FIRST NAVAL BATTLE
OF THE
VIRGINIA CAPES (1781)

The year 1781 began with some significant naval activities in the North American theater. Admiral de Ternay, commander of the naval squadron that brought Rochambeau's expeditionary army, died in December 1780. De Ternay was succeeded by Captain Destouches. The French naval squadron at Newport, Rhode Island, consisted of seven ships-of-the-line plus some transports and smaller vessels. The British held a superior number of warships in near by Gardiner's Bay that effectively blockaded the Newport squadron. However, a January 1781 storm seriously disable a number of British ships. Taking advantage of the situation, Destouches deployed in early February a sixty-four gun ship, Eveillé, and some smaller vessels to deal with English commerce raiders off the Chesapeake. The French flotilla was commanded by Captain le Gardeur de Tilly and managed to sail into the Chesapeake by mid February. Unfortunately, the French ships drew too deep to pursue Arnold's small ships that withdrew up the Elizabeth River. The French naval expedition did surprise the British naval forces in American waters and resulted in the capture the forty-four-gun Romulus without a fight. However, fearing the descent of the larger number of British vessels in American waters, Tilly rushed back to Newport by the end of February.
Even before Tilly returned, Washington was urging the French to send a larger number of ships. He laid out his plans at a March meeting with the Rochambeau and Destouches at Newport. The next French naval mission to the Chesapeake was to be part of a larger strategic scheme, and transport 1,120 French troops from Rochambeau's army to Virigina. In Virginia, the French force, under Rochambeau's second in command, Baron Vioménil, would conduct a campaign along with an American force that was concurrently marching by land under Major General Lafayette.

Following paragraph, briefly summarizes the 'First Naval Battle of the Virginia Capes', 16 March 1781. With some editing, it is from p.167, A History of the French Navy, From its Beginnings to the Present Day, E.H. Jenkins (Naval Institute Press, Annapolis, Maryland, 1973).

"In March, Destouches sailed with his whole squadron from Newport for the Chespeake, carrying troops who were to stop the English depredations in Virginia. The British admiral Arbuthnot followed the French squadron from New York and, outsailing Destouches, cut him off as he approached his destination. The two squadrons were of roughly equal strength, seven of the line with some lesser vessels, and their battle followed the usual course. With both heading east, away from the shore, Arbuthnot attacked from windward. As he did so, Destouches brought his line on to the opposite tack, heading for the bay. Arbuthnot followed suit. After a hot cannonade Destouches went about again, heading out to sea and neatly giving the leading English ships a concentration of fire as his line passed them. Three English vessels suffered much damage, but so did two of the French, and Arbuthnot was still between them and the Chesapeake. So Destouches gave up the attempt to get into the bay and returned to Newport. At Versailles he was considered to have done poorly, and it is typical of the French service of that day that some of his officers complained vigorously when no rewards and commendations were issued for the action."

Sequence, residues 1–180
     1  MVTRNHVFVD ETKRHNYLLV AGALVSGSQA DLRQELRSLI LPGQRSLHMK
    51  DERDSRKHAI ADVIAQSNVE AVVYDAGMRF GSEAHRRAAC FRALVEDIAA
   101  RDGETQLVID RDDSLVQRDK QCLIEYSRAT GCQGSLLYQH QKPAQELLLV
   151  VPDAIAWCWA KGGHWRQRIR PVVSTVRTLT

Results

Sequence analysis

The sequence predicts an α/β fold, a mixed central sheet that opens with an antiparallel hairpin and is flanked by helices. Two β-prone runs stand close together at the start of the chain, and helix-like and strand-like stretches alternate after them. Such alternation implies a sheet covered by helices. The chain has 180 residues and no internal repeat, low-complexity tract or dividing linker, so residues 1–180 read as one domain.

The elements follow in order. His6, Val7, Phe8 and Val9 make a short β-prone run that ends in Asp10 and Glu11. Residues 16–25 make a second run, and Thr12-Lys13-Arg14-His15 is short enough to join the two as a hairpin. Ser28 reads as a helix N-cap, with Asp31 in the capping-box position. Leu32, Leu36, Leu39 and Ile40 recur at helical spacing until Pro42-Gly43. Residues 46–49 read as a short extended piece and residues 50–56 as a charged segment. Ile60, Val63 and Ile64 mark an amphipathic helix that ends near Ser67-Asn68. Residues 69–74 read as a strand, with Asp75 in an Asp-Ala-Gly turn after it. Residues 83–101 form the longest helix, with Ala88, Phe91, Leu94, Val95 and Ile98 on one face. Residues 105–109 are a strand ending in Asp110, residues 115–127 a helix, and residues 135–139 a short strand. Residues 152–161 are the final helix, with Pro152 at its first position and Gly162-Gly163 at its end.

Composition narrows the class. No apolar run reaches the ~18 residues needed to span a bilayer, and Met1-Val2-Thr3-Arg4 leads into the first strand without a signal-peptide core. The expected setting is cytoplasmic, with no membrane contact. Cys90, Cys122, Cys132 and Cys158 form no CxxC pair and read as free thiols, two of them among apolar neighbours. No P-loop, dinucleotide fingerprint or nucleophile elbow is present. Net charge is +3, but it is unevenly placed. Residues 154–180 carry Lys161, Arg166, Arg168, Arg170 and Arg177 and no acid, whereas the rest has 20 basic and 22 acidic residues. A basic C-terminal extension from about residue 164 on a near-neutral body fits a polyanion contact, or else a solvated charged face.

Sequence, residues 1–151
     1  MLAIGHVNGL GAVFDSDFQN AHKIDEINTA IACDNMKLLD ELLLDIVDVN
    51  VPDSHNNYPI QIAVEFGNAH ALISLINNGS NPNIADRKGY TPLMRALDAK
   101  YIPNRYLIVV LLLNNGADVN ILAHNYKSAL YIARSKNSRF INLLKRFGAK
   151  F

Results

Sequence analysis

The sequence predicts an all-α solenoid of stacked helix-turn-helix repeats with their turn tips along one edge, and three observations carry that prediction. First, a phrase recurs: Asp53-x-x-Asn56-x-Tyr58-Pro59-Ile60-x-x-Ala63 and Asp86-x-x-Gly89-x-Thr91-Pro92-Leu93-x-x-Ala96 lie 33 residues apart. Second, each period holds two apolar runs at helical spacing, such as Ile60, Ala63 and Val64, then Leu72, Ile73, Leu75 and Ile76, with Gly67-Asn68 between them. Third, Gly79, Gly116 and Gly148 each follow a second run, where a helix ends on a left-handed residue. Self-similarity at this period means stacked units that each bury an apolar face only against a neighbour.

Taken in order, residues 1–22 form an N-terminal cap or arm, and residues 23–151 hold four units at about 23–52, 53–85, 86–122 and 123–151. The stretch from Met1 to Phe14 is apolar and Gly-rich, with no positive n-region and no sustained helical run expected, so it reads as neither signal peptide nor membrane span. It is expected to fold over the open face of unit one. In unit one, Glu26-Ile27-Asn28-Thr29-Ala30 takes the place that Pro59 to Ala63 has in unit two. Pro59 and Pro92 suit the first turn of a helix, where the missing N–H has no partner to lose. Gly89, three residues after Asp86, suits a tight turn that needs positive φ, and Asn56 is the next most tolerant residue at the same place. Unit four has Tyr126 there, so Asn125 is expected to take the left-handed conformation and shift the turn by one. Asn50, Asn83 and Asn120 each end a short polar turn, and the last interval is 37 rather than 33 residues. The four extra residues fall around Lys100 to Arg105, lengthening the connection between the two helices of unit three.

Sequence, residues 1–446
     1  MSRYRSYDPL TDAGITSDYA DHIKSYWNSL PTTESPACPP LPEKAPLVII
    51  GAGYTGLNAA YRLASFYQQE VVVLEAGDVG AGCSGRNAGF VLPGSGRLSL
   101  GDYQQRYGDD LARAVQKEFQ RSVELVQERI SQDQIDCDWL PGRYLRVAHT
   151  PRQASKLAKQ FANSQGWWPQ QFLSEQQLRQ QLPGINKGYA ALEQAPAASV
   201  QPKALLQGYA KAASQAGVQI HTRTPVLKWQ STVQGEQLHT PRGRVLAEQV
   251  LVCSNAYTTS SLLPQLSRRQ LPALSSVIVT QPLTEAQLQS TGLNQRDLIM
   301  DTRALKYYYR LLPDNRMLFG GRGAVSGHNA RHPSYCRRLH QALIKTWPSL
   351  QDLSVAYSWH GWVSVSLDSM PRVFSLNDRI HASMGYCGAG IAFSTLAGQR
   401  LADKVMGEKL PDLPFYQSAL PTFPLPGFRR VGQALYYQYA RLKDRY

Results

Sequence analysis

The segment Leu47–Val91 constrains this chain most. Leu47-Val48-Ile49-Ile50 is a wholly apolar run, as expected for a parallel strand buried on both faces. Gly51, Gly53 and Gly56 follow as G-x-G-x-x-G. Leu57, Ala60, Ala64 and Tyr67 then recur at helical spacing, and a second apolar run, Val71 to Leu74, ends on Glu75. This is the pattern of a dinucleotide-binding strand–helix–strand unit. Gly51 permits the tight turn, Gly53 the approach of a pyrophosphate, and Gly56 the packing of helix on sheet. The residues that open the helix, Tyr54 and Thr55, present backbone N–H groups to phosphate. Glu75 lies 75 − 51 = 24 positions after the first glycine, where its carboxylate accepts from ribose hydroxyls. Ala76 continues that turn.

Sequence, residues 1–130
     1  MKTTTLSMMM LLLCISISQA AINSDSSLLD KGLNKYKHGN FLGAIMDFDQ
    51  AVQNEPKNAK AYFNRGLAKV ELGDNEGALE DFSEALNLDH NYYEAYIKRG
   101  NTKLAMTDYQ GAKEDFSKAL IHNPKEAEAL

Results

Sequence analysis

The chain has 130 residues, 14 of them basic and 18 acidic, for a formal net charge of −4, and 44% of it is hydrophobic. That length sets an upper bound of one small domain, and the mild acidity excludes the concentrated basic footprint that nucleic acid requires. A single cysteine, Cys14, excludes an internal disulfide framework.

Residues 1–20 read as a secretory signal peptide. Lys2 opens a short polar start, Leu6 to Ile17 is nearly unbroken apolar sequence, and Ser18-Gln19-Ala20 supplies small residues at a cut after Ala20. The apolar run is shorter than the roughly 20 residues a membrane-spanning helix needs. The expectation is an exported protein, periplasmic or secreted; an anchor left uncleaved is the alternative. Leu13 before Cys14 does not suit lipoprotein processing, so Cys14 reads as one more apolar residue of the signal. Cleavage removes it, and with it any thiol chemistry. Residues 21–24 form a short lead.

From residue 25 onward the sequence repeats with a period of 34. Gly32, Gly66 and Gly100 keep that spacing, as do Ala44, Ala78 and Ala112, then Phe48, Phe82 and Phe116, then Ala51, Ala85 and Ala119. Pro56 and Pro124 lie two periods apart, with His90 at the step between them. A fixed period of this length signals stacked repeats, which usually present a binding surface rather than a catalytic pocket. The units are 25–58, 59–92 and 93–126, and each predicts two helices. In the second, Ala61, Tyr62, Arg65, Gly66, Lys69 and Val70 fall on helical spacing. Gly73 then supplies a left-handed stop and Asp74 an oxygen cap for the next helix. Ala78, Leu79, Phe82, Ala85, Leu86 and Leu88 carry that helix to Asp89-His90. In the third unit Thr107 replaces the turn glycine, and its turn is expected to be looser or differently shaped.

The British commander, Arbuthnot, decided to abandon the engagement after three of his main ships became unmanageable due to an unusually heavy concentration of gun fire from the French fleet. On the other hand, the losses in men were: British, 30 killed, 73 wounded; French, 72 killed, 112 wounded. These figures reflect a general difference between the naval gunnery tactics of the two navies. The French gave priority to disabling an opponent by shooting at the ships' rigging. Whereas, the British directed their gun fire on the enemy's gun stations and hauls. Also, other French naval commanders – in contrast to the French court – approved of Destouches' prudence in not trying to force an entrance into the Chesapeake against a still well armed defense
The strategic result of this March encounter battle was nearly the opposite of the more famous 'Battle of the Virginia Capes' -- the 'second' naval engagement French and British fleets that occurred off the capes of Henry and Charles in September 1781. In this 'first' naval engagement off the capes, Arbuthnot kept open a line of communications to Arnold's British land army, which was conducting a campaign of devastation in Virginia. Destouches' failure to land about 1,200 troops compromised the efforts of an American force, commanded by Lafayette, that marched into Virginia in April of that year. The British were able to reinforce in Virginia with troops under General Phillips, who assumed British command in the theater until Cornwallis arrived in May. A link to a webpage describing how Lafayette prevailed in Virginia is given at the bottom of this webpage.

Alfred.T. Mahan's The Major Operations of the Navies in the War of American Independence (London, 1913) also has a description of the tactical aspects. His pages 173-174 have a particularly interesting summary: